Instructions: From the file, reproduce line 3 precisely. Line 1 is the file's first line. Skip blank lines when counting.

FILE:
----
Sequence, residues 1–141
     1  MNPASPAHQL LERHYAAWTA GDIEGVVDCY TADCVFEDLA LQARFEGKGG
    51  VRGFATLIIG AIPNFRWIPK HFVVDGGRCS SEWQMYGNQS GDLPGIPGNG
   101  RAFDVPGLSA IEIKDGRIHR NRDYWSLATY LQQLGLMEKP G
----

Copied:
    51  VRGFATLIIG AIPNFRWIPK HFVVDGGRCS SEWQMYGNQS GDLPGIPGNG